The Struggle of Planting a Self-Sustaining Church
The greatest struggle in church planting has really nothing to do with the spiritual endeavors that take place. Instead, it has everything to do with finances. Ask 100 church planters what stresses them out and most (ALL) if they’re honest would say “money.” Even those who come in well-heeled there still is a timeline for when their support will run out, albeit longer than most planters. The good news, in an odd and comforting way, is that this is nothing new.
As I’ve been slowly working my way through Rim of Christendom: A Biography of Eusebio Francisco Kino, Pacific Coast Pioneer I’m given a snapshot into the life of a frontier missionary. Father Kino journaled everything that happened nearly on a daily basis. With such exhaustive first hand accounts, couple with other journals from the ship’s captain and others, we’re able to get an inside look at what it was like to be a missionary in the late 17th century in Mexico and the American Southwest. Ironically, many of the same struggles that we face in church planting today were present there … well, minus the possibility of starvation and martyrdom (in the U.S.).
There are a few nuggets that are worth pointing out. Before that, it would be helpful to add a little context. Whereas today many planters are funded by denominations, networks, and supporting churches and individuals back then Kino was supported by the crown of Spain along with other benefactors such as wealthy societal elites who had a passion for “lost souls.” While the king of Spain kicked in funds from the very beginning it was understood that long-term each mission (or church plant) was to be self-sustaining. “It was understood that eventually the California missions must be at least in part self-supporting through agriculture. The king could not supply them indefinitely. The colonists came prepared with seeds, and planting was at once begun” (Rim of Christendom, 163).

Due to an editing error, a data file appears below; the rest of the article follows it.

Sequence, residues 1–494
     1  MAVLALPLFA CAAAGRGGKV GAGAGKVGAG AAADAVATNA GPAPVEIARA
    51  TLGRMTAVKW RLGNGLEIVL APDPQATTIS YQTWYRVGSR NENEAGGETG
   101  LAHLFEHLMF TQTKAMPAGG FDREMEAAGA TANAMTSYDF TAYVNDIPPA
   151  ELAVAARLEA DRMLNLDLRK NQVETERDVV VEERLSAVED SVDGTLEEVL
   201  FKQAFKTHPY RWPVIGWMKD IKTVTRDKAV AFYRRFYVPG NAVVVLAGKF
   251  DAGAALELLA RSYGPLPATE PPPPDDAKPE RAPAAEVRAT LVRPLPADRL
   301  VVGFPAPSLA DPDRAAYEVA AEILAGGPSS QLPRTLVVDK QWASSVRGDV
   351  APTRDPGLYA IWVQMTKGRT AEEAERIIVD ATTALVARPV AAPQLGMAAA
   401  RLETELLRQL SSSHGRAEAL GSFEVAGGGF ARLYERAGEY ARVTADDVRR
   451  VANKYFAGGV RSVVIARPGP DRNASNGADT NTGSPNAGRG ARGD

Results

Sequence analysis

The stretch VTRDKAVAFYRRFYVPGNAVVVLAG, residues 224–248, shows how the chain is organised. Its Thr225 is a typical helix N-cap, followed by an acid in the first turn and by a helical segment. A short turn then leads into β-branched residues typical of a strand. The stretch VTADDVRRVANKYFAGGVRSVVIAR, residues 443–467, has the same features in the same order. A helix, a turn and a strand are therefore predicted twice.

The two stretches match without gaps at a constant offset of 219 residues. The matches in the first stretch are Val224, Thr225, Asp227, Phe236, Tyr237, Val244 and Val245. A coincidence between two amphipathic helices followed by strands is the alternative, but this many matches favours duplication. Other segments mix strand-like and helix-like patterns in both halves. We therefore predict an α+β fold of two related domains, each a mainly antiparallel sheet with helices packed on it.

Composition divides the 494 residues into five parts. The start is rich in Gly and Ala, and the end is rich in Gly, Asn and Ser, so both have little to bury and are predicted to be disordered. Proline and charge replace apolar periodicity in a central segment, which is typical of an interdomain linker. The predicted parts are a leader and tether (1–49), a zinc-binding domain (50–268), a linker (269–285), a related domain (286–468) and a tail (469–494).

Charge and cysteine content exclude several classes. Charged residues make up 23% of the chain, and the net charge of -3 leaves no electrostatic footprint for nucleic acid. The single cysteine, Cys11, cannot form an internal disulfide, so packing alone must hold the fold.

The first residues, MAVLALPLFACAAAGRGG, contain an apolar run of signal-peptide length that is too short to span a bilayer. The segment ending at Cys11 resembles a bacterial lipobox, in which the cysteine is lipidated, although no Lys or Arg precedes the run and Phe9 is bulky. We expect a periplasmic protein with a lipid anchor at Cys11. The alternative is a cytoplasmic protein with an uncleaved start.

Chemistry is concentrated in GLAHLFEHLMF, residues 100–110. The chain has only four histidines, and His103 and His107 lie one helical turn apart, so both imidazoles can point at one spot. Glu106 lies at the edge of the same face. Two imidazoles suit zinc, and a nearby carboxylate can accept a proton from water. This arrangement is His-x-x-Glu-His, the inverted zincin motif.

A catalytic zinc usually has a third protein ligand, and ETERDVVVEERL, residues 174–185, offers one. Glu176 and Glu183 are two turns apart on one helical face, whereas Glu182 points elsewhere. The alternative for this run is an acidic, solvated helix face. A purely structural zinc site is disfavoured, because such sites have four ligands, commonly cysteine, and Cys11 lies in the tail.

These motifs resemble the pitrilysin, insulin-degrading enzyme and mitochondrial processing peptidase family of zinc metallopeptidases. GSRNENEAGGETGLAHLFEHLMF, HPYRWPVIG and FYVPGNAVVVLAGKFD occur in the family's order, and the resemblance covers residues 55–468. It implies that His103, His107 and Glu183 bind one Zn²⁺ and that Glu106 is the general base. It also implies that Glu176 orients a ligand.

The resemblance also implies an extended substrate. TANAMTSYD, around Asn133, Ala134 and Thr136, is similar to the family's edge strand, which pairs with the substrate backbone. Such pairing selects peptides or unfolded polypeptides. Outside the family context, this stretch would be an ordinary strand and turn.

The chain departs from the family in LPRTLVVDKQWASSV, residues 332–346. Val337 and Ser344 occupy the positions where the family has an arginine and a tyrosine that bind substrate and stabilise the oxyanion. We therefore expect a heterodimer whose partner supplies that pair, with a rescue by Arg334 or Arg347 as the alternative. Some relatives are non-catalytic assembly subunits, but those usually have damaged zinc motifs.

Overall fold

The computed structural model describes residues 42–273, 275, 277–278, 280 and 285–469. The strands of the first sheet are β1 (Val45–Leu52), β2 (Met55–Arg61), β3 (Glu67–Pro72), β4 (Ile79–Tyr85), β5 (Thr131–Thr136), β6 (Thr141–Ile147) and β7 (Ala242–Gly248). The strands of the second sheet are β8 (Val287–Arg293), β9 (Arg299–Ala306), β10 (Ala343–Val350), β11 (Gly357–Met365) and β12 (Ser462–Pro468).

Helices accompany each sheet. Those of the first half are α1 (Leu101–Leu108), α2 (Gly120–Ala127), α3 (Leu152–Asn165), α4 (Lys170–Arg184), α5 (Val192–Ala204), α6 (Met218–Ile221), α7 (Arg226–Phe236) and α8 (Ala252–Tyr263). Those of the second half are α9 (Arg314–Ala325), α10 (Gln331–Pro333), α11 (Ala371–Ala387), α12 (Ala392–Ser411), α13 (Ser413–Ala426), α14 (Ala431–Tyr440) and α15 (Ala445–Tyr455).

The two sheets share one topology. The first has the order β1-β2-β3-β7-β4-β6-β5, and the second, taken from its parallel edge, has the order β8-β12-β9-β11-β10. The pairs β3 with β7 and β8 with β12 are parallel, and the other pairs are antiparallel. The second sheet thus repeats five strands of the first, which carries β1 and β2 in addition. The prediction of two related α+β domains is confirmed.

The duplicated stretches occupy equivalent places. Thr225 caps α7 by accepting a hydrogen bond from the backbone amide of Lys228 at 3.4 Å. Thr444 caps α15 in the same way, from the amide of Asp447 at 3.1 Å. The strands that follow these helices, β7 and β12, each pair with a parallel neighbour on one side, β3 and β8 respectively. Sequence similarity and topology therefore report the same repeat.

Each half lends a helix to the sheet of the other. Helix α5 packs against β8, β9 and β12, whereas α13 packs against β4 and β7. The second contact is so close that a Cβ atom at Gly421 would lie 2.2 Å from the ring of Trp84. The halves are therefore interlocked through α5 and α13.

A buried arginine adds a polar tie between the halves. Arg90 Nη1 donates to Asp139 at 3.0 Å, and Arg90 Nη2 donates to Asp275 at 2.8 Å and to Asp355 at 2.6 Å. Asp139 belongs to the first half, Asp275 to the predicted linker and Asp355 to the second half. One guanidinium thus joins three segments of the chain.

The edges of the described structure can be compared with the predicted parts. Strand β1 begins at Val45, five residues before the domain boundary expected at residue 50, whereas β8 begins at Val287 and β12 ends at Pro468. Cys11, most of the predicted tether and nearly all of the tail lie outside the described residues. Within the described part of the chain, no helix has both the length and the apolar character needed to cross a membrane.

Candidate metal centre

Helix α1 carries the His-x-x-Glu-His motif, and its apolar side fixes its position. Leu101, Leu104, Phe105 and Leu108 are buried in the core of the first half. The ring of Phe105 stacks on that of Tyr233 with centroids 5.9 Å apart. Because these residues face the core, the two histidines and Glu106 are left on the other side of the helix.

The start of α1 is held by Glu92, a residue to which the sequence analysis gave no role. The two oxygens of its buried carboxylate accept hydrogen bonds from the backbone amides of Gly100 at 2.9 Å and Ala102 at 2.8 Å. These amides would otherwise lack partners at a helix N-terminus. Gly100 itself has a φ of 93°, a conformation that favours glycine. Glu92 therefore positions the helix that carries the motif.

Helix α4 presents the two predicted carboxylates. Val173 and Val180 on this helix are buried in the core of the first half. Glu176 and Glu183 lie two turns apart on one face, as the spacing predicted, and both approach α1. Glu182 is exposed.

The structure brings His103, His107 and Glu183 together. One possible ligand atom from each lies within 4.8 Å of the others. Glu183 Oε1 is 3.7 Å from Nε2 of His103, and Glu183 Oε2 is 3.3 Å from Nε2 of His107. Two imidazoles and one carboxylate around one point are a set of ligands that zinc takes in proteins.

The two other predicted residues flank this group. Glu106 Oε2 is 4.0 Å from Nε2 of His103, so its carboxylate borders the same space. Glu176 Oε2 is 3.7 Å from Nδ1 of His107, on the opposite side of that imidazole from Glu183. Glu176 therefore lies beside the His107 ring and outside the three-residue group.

Again, the tension comes into understanding this world in light of our context today. We also know this missionary work was done under the umbrella of colonialist expansion and conquest even as much as they tried for it not to be so blatant. “At the suggestion of Bastida, the viceroy ordered him to eliminate from his documents the word ‘conquest’ and substitute ‘pacification and settlement’” (Ibid., 169). Missionaries and soldiers together engaged in the work of establishing presidios and missions. But the point I want to make is the universal struggle of seeking to start self-sustaining churches (or missions).
As a result they grew crops, dove for pearls, and used any gold or silver they came across (whether mined for or given to them) to help cover their expenses and sustain them. So how then do we translate this to today? The impetus is still the same, right? A self-sustaining and self-supporting church. So what does that look like? Particularly in lower income communities where the pastor / planter may never have the option to rely on the new church to help cover their livelihood. Maybe what we should ask instead is this …
Where do you envision your church / ministry to be in 5 years? Or maybe put it in another way … What will this look like 5 years down the road?
If your answer is along the lines of having a church large enough to cover your salary that will ultimately send you down a certain path or direction. If your answer is to still be at this work regardless of whether the church can pay you or not will mean probably a different path. It is this “different” path that we’re passionate about here.